AGRICULTURE During the industrial revolution By: Ethan Parsons
CROP ROTATION • Lord Townshend discovered that if you rotate crops, from turnips one year, barley the second, grasses the third, and wheat the fourth. Rotating this way meant that the soil did not have to go fallow for a year. 4 times as much food could be produced. • Nicknamed “Turnip Townshend” because he discovered that by planting turnips and grasses, nitrogen would be returned to the soil, making farming much more efficient. • Also from planting turnips and grasses to make the soil more efficient, this also produced a cheap and effective fodder. This made it possible to feed more animal over the winter.
JETHRO TULL • Jethro Tull revolutionized farming. He Invented a machine that tilled the land, planted seeds in neat little rows, and covered the seeds with soil. This machine is called the seed drill. • He also discovered that if the soil was well cultivated, and enriched with manure, or fertilizer, crops grew much better.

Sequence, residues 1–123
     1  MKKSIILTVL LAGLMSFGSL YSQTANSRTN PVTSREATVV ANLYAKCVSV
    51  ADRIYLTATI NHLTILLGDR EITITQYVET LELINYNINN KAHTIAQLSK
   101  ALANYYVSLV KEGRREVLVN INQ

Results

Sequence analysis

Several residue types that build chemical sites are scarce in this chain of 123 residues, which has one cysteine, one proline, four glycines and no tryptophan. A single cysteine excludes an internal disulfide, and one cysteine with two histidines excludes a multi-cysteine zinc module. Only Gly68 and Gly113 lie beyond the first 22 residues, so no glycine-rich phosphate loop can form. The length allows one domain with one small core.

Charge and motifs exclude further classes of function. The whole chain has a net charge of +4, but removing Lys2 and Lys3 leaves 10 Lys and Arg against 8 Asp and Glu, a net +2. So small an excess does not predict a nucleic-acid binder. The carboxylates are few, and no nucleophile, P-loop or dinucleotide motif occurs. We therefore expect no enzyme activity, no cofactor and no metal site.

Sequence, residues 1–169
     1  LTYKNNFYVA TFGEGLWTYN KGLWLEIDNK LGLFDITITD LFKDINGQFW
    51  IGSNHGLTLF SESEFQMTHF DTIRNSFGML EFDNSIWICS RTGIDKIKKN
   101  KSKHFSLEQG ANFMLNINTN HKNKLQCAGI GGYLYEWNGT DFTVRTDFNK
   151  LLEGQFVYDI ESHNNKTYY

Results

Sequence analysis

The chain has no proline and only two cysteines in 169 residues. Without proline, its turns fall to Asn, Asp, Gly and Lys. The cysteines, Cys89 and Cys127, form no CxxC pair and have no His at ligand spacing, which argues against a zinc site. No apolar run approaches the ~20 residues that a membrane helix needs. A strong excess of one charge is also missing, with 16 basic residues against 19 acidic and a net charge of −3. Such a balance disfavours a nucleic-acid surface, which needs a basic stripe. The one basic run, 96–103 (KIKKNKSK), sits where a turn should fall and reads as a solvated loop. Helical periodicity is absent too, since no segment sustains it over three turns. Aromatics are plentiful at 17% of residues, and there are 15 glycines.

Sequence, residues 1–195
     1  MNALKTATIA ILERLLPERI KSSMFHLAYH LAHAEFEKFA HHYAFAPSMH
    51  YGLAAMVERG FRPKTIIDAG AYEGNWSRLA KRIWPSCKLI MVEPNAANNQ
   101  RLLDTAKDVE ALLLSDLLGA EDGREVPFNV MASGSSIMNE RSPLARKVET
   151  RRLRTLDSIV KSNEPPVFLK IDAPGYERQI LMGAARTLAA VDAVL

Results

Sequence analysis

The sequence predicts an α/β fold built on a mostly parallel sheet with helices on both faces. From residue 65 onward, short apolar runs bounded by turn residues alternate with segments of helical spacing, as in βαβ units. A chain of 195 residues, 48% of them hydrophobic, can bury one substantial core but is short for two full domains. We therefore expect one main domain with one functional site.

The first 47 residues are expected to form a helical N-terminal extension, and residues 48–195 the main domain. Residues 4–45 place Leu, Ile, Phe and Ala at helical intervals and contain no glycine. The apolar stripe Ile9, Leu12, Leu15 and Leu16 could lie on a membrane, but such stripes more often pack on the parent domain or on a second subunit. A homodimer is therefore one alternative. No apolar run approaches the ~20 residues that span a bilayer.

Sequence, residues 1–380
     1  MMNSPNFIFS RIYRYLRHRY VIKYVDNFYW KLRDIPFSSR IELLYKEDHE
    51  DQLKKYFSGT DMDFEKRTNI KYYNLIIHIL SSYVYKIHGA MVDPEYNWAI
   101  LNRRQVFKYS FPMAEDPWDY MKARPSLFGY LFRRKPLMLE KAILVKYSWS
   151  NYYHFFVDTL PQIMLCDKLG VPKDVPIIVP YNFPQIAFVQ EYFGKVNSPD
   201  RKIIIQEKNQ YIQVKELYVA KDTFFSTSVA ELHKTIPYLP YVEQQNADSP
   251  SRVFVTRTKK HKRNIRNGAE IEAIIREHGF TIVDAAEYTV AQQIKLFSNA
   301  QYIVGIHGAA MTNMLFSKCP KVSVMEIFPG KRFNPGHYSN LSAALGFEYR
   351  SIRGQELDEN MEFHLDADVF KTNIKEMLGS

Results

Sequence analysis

NEW BREEDS • New breeds of cattle and sheep began to replace the old medieval breed of animals. • These animals began to produce more meat, or from sheep, more wool. • These new animals were also less likely to catch diseases. • The only problem is that the new breeds of animals were quite expensive, and in most cases, short supply. • Soon poor farmers could not afford these new breeds of animals or types of plants, but they could not compete with farmers who had enough money to invest in the new animals and plants.
BIGGER, MORE EFFICIENT FARMS • The commons ( the fields that could be used by anyone ) were starting to be turned into private property. • Many poor family who lost the commons, had to sell their farms to rich landowners, for very low prices. • Since enclosure was much more efficient, farming began to become a business, rather than farming to feed you and your family. • Many unemployed farmers and their family fled to the cities. These people then began to work in the factories, helping start the Industrial Revolution. • Since these new farms were much more efficient than the old farms, the new population in the cities could be fed.
THE RESULTS OF THIS CHANGE • Because of the changes in enclosure, new breeds of animals, cultivation, fertilization, more efficient seeding, and crop rotation, it made England the most advanced nation in Europe. It also allowed for the population to grow with the increase of available food • Also from the increase of people moving to cities, small towns like Manchester and Liverpool became major cities.